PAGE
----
Thread: Refer cycle queston?

1. Yep you can prove this to him.. Take a SH reading on a system in the shop, then cover some of the condenser to drive the discharge pressure up and watch your SH drop.

But as mentioned indoor temp and wet bulb has a lot to do with it to.

2. Originally Posted by ryan1088
Make sure you report back how the teacher reacts when you tell him he's wrong and prove it....
Lol i will think about it. Ive called him out before on the subject of testing voltage drop and DC 3 phase motors . He is a good teacher, not as technically sound as my last but has plenty of knowledge that i dont. If i do call him on it ill be sure to let you know.

3. I'm just dying to ask about his thoughts on votage drop and DC motors....

4. Lol testing voltage drop across a wire/ switch ect. I belieave the specific exapmle in the book was a sequencer our instructor explained to us that an open circuit across the sequencer would show 0 volts on the meter despite what the books answer. So i argued it a little bit in class, went home and test his theory on a switch. The next day in lab ( off to the side) i proved the book accurate on a sequencer. ECM motors , books description was a brushless three phase, DC motor . Our instructor explained to us the book was written in 2007 and ECMs were now widely available in single phase. I had watched some youtube videos on ECMs with the same description the book had and pointed that out to him. He was not overly thank full. Im not complaining he doesnt claim to be a technical guru his background is mainly sheetmetal but, can you see why calling him out on this would not benefit anybody. And no this was not who instructed on flame rectification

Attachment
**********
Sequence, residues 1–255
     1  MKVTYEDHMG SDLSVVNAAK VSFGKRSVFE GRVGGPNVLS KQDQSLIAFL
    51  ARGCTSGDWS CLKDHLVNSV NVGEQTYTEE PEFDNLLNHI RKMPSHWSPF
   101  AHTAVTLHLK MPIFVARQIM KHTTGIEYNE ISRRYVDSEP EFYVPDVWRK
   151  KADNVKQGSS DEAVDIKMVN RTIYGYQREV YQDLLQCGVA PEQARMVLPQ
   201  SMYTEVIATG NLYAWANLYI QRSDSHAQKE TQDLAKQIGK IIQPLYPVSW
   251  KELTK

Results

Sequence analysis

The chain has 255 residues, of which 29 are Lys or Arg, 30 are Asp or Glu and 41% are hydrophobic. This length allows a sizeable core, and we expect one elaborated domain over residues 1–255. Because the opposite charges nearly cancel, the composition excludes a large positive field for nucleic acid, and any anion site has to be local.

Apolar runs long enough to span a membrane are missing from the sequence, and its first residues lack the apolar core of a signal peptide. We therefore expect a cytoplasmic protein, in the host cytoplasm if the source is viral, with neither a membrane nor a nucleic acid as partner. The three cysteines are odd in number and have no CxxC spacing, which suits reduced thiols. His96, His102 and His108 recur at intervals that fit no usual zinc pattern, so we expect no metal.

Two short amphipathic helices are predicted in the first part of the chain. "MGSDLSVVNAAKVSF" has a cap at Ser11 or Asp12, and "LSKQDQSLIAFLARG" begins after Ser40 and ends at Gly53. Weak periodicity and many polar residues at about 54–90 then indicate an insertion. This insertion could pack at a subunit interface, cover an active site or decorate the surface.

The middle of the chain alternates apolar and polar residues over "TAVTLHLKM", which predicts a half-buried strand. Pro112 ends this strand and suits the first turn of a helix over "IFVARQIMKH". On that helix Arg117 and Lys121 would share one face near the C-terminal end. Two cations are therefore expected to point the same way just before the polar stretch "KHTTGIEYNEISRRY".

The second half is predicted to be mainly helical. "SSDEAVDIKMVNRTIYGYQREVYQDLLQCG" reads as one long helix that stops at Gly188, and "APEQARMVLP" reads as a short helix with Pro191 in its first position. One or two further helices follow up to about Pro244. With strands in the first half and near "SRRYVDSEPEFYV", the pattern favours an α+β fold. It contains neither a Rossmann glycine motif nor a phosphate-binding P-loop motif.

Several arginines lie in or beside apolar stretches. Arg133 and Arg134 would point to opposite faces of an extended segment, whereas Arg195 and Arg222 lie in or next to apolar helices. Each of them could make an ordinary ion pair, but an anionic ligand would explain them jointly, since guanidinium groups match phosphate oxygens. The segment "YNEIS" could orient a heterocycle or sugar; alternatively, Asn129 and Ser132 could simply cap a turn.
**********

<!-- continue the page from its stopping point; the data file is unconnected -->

5. Well, it is good to see that you are able to check what he is telling you.

Measuring voltage across an open switch WILL give you source voltage, and although fed by a single phase power setup, the common ECM motors have three phases (or winding groups), and use pulses of DC created from the single phase feed, by the electronics in the end of the motor.

http://energyexperts.org/energysolut...l.aspx?id=3196

6. Yea thats exactly what i told him

7. Higher head pushes more refrigerant through the fixed metering device, so the evaporate will flood which will mean that more liquid is in the coil and will boil off closer to the end of the coil, hence a lower superheat. Superheat is added heat after the refrigerant boils off, so the earlier it boils off in the coil the more superheat and the later the less superheat.

Look at an A/C charging chart-on the 95 degree temps you will find a 5 degree superheat and at a 80 degree outdoor temp it will be more like 18 degrees or so.
Now on a hot pull down you will have a high superheat at any outdoor temp until the box stabalizes.
So yeah, the book is right. Hats off to instructors, but never take an instructors word over the book. Just sayin'. But also don't call the instructor out on it. Take from him what you can and move on without question.

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